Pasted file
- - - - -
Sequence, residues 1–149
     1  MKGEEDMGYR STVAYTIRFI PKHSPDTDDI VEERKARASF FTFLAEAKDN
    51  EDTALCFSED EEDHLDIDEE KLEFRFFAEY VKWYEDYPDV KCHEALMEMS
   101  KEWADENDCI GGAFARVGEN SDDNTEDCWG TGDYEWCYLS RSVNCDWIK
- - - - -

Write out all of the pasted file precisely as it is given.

Sequence, residues 1–149
     1  MKGEEDMGYR STVAYTIRFI PKHSPDTDDI VEERKARASF FTFLAEAKDN
    51  EDTALCFSED EEDHLDIDEE KLEFRFFAEY VKWYEDYPDV KCHEALMEMS
   101  KEWADENDCI GGAFARVGEN SDDNTEDCWG TGDYEWCYLS RSVNCDWIK